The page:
In the lead-up to this Monday’s election, CARP ensured politicians paid close attention to the needs of seniors, calling for meaningful change to improve retirement security, increase access to health care and home care, lower the cost of prescription drugs, and support caregivers, among a number of other issues. As the election wore on, and seniors’ issues became increasingly prominent in national discussions, CARP became a go-to expert for primetime national news broadcasts, major newspapers, blogs, and regional media outlets. Party leaders responded directly to CARP’s advocacy issues, and appealed directly to CARP members; everybody wanted CARP’s stamp of approval. And on October 19, older voters acted decisively, turning out in droves to influence the results of the election.
All Parties Pursued Older Voters
CARP invited all party leaders to our national headquarters to speak directly to CARP members about their election commitments on CARP’s priority issues. Justin Trudeau, who would go on to lead the Liberal Party to victory at the polls, accepted CARP’s invitation. He held a town hall event at CARP’s headquarters and announced, before an audience of CARP members, his commitment to boost income supports for low-income seniors, enhance the CPP, and provide additional support for caregivers.
NDP leader Thomas Mulcair also ran on a platform which included a broad range of supports for seniors. During an announcement in Vancouver, Mulcair pledged $1.8 billion to improve seniors’ health care services, expand home care for 41,000 seniors, create 5,000 new nursing beds, and widen access to end-of-life care. Mulcair additionally pledged $400 million to increase yearly Guaranteed Income Supplement (GIS) benefits, and promised to convene a first ministers’ meeting during his first 100 days in office to discuss CPP expansion. And perhaps most notably, Mulcair pledged an investment of $2.6 billion per year to fund universal drug coverage on an ongoing basis.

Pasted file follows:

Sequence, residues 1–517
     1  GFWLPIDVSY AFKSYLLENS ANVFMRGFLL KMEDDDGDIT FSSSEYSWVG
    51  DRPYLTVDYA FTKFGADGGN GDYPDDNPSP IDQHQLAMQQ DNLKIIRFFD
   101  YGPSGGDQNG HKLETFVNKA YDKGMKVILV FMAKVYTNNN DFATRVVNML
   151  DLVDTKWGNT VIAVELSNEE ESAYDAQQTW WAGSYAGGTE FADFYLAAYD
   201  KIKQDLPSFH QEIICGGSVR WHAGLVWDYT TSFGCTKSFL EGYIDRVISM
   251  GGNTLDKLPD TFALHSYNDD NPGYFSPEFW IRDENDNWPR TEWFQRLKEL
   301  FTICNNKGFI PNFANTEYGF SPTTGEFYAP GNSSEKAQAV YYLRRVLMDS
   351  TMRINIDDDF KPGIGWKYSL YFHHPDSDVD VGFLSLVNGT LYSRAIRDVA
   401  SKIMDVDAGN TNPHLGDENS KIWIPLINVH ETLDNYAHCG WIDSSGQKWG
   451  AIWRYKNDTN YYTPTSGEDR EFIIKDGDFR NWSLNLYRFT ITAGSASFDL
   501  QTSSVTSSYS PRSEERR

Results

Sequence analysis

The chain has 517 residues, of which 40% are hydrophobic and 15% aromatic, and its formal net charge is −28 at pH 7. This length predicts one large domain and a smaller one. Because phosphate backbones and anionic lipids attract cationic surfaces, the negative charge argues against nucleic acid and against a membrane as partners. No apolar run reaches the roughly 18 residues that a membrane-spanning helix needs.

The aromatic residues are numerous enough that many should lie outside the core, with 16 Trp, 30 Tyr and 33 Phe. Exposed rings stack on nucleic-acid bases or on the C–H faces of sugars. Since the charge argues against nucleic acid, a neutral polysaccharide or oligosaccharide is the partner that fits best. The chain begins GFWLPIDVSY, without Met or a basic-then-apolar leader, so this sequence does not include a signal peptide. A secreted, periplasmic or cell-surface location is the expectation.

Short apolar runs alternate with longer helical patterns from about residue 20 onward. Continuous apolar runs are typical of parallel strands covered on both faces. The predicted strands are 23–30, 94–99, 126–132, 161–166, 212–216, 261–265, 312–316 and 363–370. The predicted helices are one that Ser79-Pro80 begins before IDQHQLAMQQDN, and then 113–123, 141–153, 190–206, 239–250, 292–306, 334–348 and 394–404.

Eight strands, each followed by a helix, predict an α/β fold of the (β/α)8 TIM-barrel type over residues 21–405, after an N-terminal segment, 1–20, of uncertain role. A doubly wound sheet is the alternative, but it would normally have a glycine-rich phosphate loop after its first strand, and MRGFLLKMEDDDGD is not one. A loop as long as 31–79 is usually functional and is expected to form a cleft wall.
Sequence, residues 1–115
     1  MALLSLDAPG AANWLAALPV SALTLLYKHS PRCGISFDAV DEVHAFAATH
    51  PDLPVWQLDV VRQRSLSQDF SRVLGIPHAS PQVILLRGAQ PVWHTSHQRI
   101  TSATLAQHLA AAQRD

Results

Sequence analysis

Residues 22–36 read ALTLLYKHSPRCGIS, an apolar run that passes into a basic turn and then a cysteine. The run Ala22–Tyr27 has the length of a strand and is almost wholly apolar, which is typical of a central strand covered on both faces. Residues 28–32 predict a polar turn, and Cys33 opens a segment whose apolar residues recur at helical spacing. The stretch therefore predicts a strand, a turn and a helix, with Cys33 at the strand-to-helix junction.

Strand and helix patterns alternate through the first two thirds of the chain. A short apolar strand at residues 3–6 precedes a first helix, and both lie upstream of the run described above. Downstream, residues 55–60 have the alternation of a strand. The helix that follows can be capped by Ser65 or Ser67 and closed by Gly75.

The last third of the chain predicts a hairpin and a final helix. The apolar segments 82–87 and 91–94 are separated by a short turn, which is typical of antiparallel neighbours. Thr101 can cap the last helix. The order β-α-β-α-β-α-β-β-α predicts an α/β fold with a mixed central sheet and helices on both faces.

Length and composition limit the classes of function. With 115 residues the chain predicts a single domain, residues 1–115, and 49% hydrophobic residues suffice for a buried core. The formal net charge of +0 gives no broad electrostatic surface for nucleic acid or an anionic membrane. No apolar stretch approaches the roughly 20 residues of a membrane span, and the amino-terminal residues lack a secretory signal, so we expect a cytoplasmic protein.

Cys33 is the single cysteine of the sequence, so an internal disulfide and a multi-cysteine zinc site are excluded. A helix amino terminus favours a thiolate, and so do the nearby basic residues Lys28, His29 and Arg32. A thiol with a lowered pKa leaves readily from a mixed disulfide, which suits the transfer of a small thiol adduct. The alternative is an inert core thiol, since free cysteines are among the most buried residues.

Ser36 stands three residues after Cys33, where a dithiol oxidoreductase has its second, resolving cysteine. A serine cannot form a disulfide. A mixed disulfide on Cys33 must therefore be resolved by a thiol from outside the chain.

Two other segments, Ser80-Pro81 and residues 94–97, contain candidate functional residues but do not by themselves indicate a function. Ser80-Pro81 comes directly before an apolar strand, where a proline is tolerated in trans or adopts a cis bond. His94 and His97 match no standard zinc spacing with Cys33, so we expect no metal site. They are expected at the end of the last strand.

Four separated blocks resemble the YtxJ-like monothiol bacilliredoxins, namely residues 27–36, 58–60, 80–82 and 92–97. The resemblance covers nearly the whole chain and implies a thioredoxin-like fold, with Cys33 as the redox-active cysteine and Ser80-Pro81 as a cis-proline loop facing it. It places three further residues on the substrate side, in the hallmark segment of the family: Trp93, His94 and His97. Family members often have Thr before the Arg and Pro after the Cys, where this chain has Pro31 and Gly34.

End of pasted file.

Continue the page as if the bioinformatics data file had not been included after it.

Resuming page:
Stephen Harper’s appeals to the senior vote included a new $2,000 Single Seniors Tax Credit, which, according to the Conservative Party, would have aided nearly 1.6 million seniors who receive pension income. Prior to the election, the Conservative government changed its long standing refusal to consider CPP enhancement and announced their intent to explore means by which individuals could make voluntary CPP contributions. The party was also exploring methods of reducing drug costs throughout Canada, and planned to negotiate with provinces to form the Pan-Canadian Pharmaceutical Alliance and purchase drugs in bulk. Furthermore, the Conservatives were the only major party to support higher maximum annual deposits for Tax-Free Savings Account. The Conservatives also responded to CARP advocacy before the election when they reduced mandatory minimum withdrawal amounts for Registered Retirement Income Funds (RRIFs).
In the end, voters found Trudeau’s campaign and promises most persuasive, and elected the Liberal Party to form a majority government. Days prior to the election, a CARP Poll™ of nearly 13,000 members, 40% of whom had already voted, accurately predicted that the Liberal Party would win a majority of the popular vote to form government.
Ensuring the New Government Keeps Its Promises
The Liberals are now well-positioned with a majority government to act on the comprehensive basket of promises made to older voters throughout Trudeau’s campaign. Some of the specific promises Trudeau introduced before an audience of CARP members include:
- Reversing the eligibility age of Old Age Security (OAS) to 65
- Boosting the Guaranteed Income Supplement (GIS) by 10% to provide almost $1000/year more per GIS recipient – aimed especially at helping low-income seniors who live alone;
- Setting a new seniors’ price index to ensure that OAS and GIS benefits keep up with rising costs;
- Enhancing the CPP;
- Extending the flexibility of compassionate care leave for caregivers.
Now, CARP will work to ensure Prime Minister-Elect Trudeau keeps these promises. CARP has long called for a comprehensive approach to ending poverty in old age, increasing the CPP, restoring the OAS eligibility age to 65, increasing the GIS, and introducing an equivalent to OAS spousal allowance for single older Canadians, a quarter of whom live in poverty.
With a majority government and promises to work cooperatively with provincial governments and opposition parties, Trudeau has been given a strong mandate with which to fulfill his promises to the electorate. CARP members will expect the new Prime Minister to uphold his vision for Canada as set out during the election campaign.